This article was published in Australian Dictionary of Biography, Volume 10, (MUP), 1986
Robert Alexander Little (1895-1918), World War I fighter ace, was born on 19 July 1895 at Hawthorn, Melbourne, son of James Little, bookseller and importer of medical and surgical works, and his Victorian wife Susan, formerly Smith, née Solomon. He was educated at Scotch College and later joined the family business as a commercial traveller, living with his parents at Windsor. Rejected with hundreds of others for the four vacancies at Point Cook Military Flying School, he sailed for England in July 1915, at his own expense. He paid for his flying training at Hendon where he gained his flying certificate (No.1958 Royal Aero Club) on 27 October. He entered the Royal Naval Air Service as a probationary temporary sub-lieutenant on 14 January 1916.
Posted to the relatively inactive war flight at Dover, Kent, Little suffered eye and stomach trouble in the air. He married Vera Gertrude Field at the Congregational Church, Dover, on 16 September 1916. Posting to No.1 Wing at Dunkirk, France, in June had brought action at last—against the submarine base at Zeebrugge, Belgium. His physical troubles disappeared with the change to aircraft which did not spray him with castor oil and he quickly established a favourable reputation. The Somme offensive of the second half of 1916 imposed such strain on the Royal Flying Corps that the Admiralty created new R.N.A.S. squadrons for service on the Western Front. In October Little was transferred to the new No.8 Squadron, 'Naval 8', equipped with Sopwith Pups. His plane, N5182, rebuilt, is now on display at the Royal Air Force Museum, Hendon. On 1 November he scored his first aerial victory and by March 1917 was credited with nine enemy aircraft shot down; he was promoted flight lieutenant in April.
In 'Bloody April' the R.F.C. suffered appalling casualties while the three naval squadrons (1,3 & 8), re-equipped with formidable new Sopwith Triplanes, were given a wide berth by the enemy. In April-July Flight Lieutenant Little really showed his mettle, mainly in N5493 'Blymp', streaming the cardinal, gold and blue of Scotch College. 'Blymp' became the affectionate nickname of his infant son, while Little himself became 'Rikki' to the squadron, after Kipling's mongoose Rikki-Tikki-Tavi, the deadly cobra-killer. By early August 1917, when he was posted to Walmer on the Kent coast for a period of rest, he had destroyed thirty-seven enemy aircraft and damaged many more. He had been awarded the Distinguished Service Order, the Distinguished Service Cross and Bar and the Croix de Guerre; in September he received a Bar to the D.S.O.; in December he was mentioned in dispatches and he was promoted flight commander in January 1918.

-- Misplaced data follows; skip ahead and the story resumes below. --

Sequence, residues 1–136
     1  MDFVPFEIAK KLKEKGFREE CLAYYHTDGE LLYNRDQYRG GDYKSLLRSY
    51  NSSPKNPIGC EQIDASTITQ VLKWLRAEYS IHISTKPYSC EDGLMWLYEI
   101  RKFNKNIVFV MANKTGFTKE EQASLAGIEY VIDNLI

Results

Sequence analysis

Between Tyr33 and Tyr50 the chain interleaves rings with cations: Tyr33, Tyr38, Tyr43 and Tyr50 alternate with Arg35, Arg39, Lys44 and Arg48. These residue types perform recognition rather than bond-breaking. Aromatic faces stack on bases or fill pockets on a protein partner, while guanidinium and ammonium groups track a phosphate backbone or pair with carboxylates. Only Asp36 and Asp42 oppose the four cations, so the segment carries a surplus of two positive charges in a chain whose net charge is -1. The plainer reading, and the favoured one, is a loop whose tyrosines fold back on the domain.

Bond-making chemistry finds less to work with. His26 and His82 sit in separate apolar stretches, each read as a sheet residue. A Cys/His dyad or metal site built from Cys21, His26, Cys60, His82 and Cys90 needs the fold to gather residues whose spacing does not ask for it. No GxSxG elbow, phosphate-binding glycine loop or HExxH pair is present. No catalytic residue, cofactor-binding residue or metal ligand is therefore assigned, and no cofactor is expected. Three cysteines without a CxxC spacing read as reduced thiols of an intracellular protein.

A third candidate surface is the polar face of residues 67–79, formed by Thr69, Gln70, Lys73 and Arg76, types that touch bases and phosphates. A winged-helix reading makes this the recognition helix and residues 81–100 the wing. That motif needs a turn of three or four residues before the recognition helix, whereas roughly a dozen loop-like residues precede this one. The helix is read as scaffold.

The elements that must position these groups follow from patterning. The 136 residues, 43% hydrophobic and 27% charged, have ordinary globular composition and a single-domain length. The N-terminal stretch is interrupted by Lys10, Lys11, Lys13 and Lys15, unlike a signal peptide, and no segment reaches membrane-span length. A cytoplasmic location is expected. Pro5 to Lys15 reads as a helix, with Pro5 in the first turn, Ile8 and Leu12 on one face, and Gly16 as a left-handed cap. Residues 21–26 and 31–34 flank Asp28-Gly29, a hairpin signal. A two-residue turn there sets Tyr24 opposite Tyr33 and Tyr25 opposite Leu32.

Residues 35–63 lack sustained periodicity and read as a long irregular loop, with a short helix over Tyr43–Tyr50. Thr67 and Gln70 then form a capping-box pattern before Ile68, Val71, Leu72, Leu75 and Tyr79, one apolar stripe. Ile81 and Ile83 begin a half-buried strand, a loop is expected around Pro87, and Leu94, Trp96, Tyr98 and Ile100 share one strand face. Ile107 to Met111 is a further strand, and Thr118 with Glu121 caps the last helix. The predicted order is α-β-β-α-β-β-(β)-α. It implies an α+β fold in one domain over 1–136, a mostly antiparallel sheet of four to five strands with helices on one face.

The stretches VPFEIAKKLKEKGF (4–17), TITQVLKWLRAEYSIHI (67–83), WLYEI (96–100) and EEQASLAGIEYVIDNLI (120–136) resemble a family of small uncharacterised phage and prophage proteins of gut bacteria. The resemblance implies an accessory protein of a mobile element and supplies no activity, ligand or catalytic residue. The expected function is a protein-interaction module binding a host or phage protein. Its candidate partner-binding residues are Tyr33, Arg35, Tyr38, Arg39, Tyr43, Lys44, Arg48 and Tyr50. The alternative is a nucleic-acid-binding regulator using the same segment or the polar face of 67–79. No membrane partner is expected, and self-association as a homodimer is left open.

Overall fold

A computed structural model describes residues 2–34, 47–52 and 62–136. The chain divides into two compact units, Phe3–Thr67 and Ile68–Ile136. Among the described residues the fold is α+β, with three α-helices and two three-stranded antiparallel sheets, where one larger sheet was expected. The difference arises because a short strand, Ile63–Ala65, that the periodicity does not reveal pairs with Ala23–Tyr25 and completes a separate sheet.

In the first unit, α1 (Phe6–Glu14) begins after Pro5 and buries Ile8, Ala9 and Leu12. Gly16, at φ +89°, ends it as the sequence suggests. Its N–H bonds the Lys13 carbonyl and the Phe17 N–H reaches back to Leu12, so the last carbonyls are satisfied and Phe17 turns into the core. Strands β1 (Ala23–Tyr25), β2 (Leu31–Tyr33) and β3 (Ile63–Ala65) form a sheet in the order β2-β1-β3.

Paradoxically, Little was a clumsy flyer with a record of crash landings, but in aerial combat his brilliance derived from a combination of fearless aggression, quite exceptional eyesight, superb marksmanship and close-range firing. His armourers calculated that he fired an average of forty-four rounds per aerial victory. The audacity with which he would, single-handed, attack large enemy formations brought the advantage of surprise. Twice he actually struck enemy aircraft in his eagerness to close the range. He was of average height, stocky and athletic in build. Likeable and friendly with a strong sense of fun, he was a great talker. He devoted much time on the ground to rifle and pistol practice at moving targets. In the air he was a brilliant loner rather than a leader.
At Walmer Little was able to enjoy a settled period of family life but in March 1918 he declined a desk job and volunteered to return to France where as flight commander with 'Naval 3' he flew Sopwith Camel B6318. Soon afterwards the R.F.C. and R.N.A.S. amalgamated as the Royal Air Force and he became Captain Little of 203 Squadron. The end came on the night of 27 May when he went up alone from Ezil le Hamel to intercept enemy bombers in the dark. Fatally wounded in the groin, he crashed near Norviz where he was found next morning. He was buried in the village cemetery at Norviz and subsequently in Wavans British cemetery, France. He was 22. Conforming to his wish, his widow brought their infant son to grow up in Australia.
Little is officially credited with a tally of 47 enemy planes brought down. He is Australia's World War I ace of aces: the next officially recognized 'victories' of Australians were 39 by his friend Major R. S. Dallas and 29 by Captain A. H. Cobby. Little ranks eighth of all British Commonwealth aces, and fourteenth of all aces from both sides of the conflict. Major (Air Vice Marshal) R. R. Collishaw, his commanding officer in 'Naval 3', wrote of him: 'Little had an outstanding character. Bold, aggressive and courageous yet he was gentle and kindly … his example was a tribute to the high standards of Australian manhood'.
Until very recently the achievements of Little and Dallas were neglected in their native Australia, only those who served in Australian forces being afforded official recognition, an anomaly now being rectified. Photographs, medals and mementoes of R. A. Little are held by the Australian War Memorial.
J. C. Little, 'Little, Robert Alexander (1895–1918)', Australian Dictionary of Biography, National Centre of Biography, Australian National University, http://adb.anu.edu.au/biography/little-robert-alexander-7207/text12471, published first in hardcopy 1986, accessed online 1 September 2016.
This article was first published in hardcopy in Australian Dictionary of Biography, Volume 10, (MUP), 1986